The Eagles did not immediately have a comment on the NFL’s new policy. 

In the statement from the league, the NFL says the policy was created “in concert” with a commitment to local communities and that the league is dedicated to “continuing our collaboration with players to advance the goals of justice and fairness in all corners of our society.” 

But an NFLPA spokesman said their group was not involved in these discussions. 

What NFL kickoff rule changes mean for Eagles

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What NFL kickoff rule changes mean for Eagles

The NFL is changing the kickoff rules again in an attempt to make the most dangerous play in the game a little safer.

There will be a trial run in 2018 and the league will take a look at its findings next spring.

For now, here are the basics of the new kickoff rules:

• No more running starts for kicking team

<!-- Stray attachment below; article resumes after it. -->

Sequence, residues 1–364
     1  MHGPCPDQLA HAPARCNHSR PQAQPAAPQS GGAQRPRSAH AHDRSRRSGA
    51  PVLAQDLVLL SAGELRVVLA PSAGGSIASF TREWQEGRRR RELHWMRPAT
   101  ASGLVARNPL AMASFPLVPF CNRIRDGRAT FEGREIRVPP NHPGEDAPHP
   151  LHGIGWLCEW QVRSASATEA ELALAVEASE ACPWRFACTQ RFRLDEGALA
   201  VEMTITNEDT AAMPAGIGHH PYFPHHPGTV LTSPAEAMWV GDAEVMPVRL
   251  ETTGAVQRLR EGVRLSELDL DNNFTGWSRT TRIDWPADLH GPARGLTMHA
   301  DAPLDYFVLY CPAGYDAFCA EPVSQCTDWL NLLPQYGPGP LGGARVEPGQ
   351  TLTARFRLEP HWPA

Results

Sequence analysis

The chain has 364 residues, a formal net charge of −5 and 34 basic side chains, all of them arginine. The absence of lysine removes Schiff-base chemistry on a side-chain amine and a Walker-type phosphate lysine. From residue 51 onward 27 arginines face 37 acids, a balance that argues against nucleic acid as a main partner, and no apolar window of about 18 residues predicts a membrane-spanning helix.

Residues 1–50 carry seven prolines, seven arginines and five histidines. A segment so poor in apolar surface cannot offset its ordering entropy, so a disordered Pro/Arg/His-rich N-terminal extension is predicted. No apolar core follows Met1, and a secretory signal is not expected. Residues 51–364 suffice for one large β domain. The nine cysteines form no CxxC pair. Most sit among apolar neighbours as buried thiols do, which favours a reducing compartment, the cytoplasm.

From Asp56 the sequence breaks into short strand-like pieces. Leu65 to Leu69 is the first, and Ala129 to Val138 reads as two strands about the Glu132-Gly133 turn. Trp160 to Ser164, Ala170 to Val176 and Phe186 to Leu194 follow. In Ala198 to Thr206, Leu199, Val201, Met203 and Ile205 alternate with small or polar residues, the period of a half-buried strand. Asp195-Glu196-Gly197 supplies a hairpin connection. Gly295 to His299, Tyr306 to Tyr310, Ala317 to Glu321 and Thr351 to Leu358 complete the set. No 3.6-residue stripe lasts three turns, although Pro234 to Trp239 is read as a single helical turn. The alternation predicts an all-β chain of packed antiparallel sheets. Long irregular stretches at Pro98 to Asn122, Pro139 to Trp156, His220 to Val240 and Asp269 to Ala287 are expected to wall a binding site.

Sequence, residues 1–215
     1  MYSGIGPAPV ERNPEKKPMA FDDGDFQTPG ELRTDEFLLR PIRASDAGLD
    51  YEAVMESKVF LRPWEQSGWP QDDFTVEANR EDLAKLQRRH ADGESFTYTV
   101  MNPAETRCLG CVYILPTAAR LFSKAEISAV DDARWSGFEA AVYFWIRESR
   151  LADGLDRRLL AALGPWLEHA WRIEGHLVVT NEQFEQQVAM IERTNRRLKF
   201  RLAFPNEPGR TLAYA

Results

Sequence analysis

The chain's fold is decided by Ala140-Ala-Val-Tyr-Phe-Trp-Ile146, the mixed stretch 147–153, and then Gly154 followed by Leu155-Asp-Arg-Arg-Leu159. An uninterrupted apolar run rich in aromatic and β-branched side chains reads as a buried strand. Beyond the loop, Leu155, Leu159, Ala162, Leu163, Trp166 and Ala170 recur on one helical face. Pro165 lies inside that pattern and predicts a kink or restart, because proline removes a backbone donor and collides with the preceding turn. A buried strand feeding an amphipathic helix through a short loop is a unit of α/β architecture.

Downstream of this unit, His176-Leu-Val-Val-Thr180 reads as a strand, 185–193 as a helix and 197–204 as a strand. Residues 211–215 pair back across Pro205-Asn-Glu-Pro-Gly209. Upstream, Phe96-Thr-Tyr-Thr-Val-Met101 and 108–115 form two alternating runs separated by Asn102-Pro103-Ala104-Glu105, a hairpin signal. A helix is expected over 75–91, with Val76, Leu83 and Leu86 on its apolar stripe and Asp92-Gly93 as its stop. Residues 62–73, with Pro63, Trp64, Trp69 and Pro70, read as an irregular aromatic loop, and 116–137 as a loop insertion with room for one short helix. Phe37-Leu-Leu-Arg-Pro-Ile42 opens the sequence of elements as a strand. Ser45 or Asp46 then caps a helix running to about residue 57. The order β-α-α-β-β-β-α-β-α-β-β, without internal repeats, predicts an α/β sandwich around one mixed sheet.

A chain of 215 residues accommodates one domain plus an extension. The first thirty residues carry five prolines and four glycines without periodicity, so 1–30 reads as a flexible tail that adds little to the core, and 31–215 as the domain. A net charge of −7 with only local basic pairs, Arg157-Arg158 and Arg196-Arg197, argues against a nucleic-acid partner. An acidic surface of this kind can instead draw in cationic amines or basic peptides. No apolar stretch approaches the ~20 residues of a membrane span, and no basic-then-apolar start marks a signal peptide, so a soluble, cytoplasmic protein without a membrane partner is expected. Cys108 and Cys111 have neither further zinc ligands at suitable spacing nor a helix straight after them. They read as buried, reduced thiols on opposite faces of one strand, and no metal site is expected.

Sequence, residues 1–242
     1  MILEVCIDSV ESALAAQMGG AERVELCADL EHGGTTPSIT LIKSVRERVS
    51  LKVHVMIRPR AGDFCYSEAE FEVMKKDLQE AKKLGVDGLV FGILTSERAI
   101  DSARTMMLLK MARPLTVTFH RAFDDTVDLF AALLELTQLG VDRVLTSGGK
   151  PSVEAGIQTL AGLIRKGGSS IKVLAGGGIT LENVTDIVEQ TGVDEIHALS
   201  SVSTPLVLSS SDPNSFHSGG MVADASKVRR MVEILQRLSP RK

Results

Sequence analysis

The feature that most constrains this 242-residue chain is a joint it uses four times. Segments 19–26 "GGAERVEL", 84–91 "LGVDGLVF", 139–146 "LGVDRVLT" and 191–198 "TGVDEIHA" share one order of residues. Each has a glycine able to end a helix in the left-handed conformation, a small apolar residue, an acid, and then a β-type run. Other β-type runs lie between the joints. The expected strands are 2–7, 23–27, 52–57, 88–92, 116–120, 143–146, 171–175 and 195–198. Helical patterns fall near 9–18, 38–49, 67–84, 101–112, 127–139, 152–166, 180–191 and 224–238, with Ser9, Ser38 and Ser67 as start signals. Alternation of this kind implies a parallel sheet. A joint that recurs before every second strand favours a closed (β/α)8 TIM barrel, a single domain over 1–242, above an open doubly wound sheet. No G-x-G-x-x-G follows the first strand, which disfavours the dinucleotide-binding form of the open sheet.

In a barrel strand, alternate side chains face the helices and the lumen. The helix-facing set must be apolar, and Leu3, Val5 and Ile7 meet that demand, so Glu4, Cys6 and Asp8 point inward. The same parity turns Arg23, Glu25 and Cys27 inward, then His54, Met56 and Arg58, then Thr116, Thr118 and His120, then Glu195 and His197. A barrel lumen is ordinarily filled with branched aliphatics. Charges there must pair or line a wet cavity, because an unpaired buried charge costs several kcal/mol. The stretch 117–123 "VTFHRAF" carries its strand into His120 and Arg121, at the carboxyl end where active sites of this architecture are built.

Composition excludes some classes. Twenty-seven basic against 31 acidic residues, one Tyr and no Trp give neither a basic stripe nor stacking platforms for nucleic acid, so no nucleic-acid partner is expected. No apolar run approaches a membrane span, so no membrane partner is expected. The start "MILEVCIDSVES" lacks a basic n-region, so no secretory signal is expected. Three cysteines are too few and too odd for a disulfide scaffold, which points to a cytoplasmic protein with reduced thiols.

• Eight of 11 kick returning players must be in setup zone (15 yards from the ball)

• No blocking in setup zone before the ball is touched

• No more two-man wedge blocks

• Kickoff team must have five players on each side of the ball

So what does this mean for the Eagles and Dave Fipp’s unit, which has been considered one of the best in the league since he took over?

Well, we’ll start with the Eagles when they kick off because that’s where we might see the most drastic change. Last season, Jake Elliott kicked off 84 times and had 42 touchbacks. There were 16 kickers in the league (at least 35 kickoffs) who had a higher touchback percentage. And it’s no coincidence.

During last season, in October, Malcolm Jenkins actually challenged Fipp to allow players to make plays (see story). Basically, the Eagles kicked the ball short of the goal line, betting that they could bring players down before the 25-yard line.

The rule restricting that running start might make them think twice.

When the Eagles are returning kicks, maybe they’ll try to return more. Last year, the Eagles were 26th in the league in kick return average at 19.7 yards per return. And they returned just 18 kicks, the fewest amount in the NFL.

The Eagles lost their primary kick returner, Kenjon Barner, in free agency. So they’ll have a new returner, who might have some extra space to work with.

It has been argued that these rules will actually increase the number of kick returns, while also making the play safer. We’ll see.